Today I was having lunch with my best friend as I do each and almost everyday. She told me that her dad and sister would be coming to lunch and invited me. I was gracious and obliged, how would I pass up meeting her dad that she talked so candidly about. We passed stories along and my friend’s father was telling stories of how he lived abroad, then randomly, as my friend does, blurts out how you would never know I have three kids.
My friend’s dad perked up and was too surprised to hear I have three kids. He then complimented me to the point where my skin matched my red dress when he said I could “be a Bette Middler stand-in” and again I was humbled. My dear cohort continued to add about the twins. I laughed holding my humility and he looked at me very kindly and said, “You are a good mom.” I again, maintaining my air of humbleness thanked him kindly and said “some days.”
Rather I wonder some days if I am a good mom. I know my children are well fed, well loved, have better manners than most adults stating their gratitude and always being thankful for what they have and do not have. They are dressed accordingly and their clothes are in good condition and I do not in any fashion neglect them. I always listen attentively to their needs, their wants, and their antics. But sometimes I let the demons that walk this earth bore into my psyche where I question if I am a good mom. I know better, but my weak moments take over, thinking I could always do more.
However, I realize only then I cannot give my children anymore. The life lessons they learn by working hard for what you want in life, gratitude, humility, respect, and the plain and simple fact nothing is owed to anyone is all I can give them. I cannot give them anymore love than I already have to offer, which I would die for them. No matter what edge of sanity they may drive me over, through, and towards, my unyielding and unbridled love for these people is amazing. The encouragement and reassurance of their intelligence and that they can do anything they put their minds too provides them with the self-esteem and self-assurance they need to conquer any task or lead any board room.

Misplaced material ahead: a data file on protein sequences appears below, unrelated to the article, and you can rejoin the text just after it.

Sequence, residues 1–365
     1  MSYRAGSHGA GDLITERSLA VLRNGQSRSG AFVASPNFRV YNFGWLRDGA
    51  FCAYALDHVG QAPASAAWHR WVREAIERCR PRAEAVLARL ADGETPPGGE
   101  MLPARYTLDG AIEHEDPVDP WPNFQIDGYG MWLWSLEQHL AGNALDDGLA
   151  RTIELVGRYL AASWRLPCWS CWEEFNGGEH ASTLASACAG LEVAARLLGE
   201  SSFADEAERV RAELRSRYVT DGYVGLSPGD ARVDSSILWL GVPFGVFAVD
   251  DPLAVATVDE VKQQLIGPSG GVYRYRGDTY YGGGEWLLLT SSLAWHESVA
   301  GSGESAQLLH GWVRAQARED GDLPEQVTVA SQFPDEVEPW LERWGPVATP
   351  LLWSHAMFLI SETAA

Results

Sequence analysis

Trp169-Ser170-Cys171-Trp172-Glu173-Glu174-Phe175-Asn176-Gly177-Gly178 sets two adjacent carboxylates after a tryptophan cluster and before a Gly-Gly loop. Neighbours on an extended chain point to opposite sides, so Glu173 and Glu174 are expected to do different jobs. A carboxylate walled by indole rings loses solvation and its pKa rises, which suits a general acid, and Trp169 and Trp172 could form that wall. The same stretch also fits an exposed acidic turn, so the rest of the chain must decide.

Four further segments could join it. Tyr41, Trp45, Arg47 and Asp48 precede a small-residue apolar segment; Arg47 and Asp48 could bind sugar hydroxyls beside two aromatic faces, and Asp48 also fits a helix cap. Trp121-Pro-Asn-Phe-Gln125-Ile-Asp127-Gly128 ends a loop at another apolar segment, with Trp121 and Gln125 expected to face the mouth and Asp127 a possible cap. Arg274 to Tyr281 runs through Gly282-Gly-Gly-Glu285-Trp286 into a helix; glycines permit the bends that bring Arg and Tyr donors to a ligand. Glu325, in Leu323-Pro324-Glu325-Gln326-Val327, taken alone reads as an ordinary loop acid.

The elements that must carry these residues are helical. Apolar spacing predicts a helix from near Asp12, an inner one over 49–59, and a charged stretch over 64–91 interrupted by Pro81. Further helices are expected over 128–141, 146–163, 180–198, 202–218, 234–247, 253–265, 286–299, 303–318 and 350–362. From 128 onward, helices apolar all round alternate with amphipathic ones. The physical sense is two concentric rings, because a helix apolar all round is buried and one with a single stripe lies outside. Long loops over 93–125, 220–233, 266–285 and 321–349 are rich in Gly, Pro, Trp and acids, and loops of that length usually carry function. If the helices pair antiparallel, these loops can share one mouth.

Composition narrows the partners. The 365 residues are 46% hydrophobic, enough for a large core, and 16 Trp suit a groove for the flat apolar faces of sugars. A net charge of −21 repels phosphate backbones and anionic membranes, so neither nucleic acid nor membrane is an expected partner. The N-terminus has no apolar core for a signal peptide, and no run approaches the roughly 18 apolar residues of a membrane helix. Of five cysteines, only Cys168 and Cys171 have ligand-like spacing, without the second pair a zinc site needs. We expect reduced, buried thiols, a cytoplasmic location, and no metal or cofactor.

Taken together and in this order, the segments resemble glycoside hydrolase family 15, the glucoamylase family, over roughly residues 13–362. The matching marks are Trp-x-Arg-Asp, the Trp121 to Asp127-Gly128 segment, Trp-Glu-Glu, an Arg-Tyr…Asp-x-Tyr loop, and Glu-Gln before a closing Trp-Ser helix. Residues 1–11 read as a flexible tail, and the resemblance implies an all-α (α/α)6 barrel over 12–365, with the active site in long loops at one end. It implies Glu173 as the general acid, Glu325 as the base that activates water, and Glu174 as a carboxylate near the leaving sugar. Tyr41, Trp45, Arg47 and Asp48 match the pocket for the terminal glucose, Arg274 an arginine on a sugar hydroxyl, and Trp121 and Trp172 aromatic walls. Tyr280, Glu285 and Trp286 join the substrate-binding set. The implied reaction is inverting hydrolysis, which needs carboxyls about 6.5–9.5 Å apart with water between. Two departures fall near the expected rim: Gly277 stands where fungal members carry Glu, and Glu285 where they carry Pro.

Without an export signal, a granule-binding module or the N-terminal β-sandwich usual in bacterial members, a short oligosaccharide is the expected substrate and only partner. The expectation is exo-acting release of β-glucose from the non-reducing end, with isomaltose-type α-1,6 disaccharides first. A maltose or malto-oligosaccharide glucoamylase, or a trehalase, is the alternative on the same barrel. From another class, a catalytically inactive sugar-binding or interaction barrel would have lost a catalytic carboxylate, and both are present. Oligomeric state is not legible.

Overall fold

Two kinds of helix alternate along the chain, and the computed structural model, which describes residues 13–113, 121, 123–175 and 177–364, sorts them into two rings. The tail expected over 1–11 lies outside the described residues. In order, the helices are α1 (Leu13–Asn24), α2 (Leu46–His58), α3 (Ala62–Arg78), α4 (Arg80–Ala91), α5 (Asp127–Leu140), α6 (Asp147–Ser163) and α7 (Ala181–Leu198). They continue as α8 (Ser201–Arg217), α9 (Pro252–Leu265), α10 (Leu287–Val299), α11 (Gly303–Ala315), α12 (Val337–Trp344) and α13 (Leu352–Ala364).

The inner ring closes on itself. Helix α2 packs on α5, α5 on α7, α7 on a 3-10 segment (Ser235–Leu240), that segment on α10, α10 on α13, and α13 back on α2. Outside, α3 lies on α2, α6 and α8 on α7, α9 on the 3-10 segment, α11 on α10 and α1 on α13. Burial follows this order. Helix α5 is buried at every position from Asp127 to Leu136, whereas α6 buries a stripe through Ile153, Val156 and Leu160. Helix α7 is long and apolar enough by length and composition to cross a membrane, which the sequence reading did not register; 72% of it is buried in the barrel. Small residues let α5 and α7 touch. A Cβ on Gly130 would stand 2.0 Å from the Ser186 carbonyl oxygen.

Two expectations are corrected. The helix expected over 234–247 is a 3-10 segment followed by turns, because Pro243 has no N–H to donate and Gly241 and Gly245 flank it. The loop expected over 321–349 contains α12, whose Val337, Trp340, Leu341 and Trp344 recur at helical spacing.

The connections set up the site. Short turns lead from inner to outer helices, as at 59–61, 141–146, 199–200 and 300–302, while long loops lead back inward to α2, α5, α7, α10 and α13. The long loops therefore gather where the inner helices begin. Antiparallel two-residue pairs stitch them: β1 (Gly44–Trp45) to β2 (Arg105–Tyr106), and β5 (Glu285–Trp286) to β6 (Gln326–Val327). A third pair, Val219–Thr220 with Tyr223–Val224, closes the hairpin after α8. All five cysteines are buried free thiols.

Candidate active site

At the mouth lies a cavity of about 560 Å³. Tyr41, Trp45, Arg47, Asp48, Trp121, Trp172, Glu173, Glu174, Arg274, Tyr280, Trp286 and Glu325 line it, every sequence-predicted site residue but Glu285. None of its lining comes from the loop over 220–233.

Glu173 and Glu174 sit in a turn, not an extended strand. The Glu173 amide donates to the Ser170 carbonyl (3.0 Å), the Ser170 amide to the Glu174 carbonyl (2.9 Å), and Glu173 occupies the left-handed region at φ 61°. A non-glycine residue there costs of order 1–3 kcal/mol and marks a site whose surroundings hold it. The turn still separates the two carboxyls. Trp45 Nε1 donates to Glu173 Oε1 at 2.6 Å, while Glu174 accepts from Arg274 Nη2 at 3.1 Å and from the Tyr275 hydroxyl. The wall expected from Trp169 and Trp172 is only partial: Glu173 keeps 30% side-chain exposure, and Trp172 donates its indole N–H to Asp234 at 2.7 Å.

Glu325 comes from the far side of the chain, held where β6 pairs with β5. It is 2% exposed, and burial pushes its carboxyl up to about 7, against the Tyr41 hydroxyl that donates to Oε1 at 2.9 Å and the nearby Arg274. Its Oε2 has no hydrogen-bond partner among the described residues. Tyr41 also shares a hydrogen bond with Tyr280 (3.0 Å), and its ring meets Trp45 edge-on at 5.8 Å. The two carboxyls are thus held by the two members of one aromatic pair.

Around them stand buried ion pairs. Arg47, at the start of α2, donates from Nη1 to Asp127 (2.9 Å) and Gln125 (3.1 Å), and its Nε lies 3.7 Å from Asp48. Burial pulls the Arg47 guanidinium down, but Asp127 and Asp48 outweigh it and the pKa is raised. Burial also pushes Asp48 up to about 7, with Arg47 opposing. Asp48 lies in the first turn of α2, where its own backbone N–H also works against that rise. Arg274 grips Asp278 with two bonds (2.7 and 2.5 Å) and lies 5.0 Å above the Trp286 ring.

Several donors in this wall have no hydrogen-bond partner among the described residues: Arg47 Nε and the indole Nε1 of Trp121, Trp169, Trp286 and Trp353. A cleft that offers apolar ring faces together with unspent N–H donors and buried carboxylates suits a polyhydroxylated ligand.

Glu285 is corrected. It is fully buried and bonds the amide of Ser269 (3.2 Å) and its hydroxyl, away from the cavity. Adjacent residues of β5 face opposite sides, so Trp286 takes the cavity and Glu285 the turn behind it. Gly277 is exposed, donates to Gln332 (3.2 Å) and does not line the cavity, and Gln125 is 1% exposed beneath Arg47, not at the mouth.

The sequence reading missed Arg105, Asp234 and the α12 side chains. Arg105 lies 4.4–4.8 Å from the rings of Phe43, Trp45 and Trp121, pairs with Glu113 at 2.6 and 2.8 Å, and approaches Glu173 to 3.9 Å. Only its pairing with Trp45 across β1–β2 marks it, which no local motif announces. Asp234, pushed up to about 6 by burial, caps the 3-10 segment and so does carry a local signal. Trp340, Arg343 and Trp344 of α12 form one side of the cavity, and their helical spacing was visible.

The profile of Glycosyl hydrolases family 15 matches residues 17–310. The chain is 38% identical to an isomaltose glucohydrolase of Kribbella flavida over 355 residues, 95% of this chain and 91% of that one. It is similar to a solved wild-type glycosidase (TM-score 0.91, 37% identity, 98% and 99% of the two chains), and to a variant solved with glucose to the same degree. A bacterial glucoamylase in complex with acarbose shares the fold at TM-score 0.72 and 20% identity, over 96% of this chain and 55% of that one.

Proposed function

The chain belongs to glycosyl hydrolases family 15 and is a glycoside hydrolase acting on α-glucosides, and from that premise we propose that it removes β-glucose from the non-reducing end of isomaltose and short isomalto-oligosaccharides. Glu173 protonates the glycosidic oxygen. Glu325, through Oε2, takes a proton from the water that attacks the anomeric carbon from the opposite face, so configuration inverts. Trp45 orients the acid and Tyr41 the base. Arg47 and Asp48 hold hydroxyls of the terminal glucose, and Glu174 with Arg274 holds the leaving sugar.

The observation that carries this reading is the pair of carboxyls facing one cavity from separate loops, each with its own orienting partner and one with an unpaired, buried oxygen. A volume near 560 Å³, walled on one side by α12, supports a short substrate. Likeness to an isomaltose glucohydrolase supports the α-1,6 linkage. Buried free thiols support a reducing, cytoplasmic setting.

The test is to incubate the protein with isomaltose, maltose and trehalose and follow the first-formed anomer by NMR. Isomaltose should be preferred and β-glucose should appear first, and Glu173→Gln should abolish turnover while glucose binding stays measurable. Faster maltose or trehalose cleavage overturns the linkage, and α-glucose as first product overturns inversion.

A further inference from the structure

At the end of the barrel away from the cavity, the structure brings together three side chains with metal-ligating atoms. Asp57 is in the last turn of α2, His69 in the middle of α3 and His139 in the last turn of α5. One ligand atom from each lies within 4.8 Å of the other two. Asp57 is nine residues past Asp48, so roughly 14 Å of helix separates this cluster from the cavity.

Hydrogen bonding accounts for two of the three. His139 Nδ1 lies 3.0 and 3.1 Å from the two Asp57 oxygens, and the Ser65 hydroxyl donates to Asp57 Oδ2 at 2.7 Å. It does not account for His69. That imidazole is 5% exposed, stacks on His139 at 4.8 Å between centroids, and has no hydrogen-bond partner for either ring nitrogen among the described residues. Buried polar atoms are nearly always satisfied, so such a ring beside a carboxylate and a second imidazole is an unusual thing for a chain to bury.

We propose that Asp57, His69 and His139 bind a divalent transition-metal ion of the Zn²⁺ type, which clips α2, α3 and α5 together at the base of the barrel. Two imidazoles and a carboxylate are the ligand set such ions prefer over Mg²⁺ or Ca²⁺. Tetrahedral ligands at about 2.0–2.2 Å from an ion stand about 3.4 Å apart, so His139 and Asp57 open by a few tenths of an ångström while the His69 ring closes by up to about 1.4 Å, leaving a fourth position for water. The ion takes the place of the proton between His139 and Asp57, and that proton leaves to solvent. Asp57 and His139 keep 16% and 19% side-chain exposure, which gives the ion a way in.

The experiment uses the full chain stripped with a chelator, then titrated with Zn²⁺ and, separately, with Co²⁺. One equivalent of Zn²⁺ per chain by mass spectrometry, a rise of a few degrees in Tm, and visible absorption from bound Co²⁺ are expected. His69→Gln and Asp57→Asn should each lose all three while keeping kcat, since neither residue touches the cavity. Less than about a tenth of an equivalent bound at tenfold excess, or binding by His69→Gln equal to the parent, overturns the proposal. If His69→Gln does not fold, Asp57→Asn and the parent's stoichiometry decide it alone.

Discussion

When I was younger, even before I had children, I would judge children and parents based on how the children acted, how the parents acted. Now I pity them, and hope that one day that those children would learn such qualities of humility, respect, self-preservation, perseverance, hold a high level of self esteem. I pity only because I know that those children and parents are only privy to the tools they were provided, and while they are not perfect, nor am I, some individuals do not have access to certain life skills and tools that are much more valuable in life than what the brand on the tag of the clothing states.
Which brings me to the fact that I am far from perfect and I should be able to walk through life and my children’s life knowing that while I am not supermom of the year, I sometimes have trouble getting the stains of a shirt (especially since my Holy Cow went out of business….sigh), I sometimes forget to sign a note right away and it is a day late, or I forget someone’s blanket before leaving for pre-school. But what I never forget is to tell my children endlessly each day how much I love and adore them, how brilliant they are, how talented they are, how they are such great children despite any behavior issues, and I never forget they are mine. No one can tell me how to raise my children, live my life, and I have hope for humanity when a complete stranger can look at me and make the judgment of how I am a good mom.
With that I can sleep well knowing that good people still do exist, who do not judge harshly, ill willfully, and are good at heart. I can take that and pass that onto my children for their karma. Because how one person acts is their karma, how you act is your own.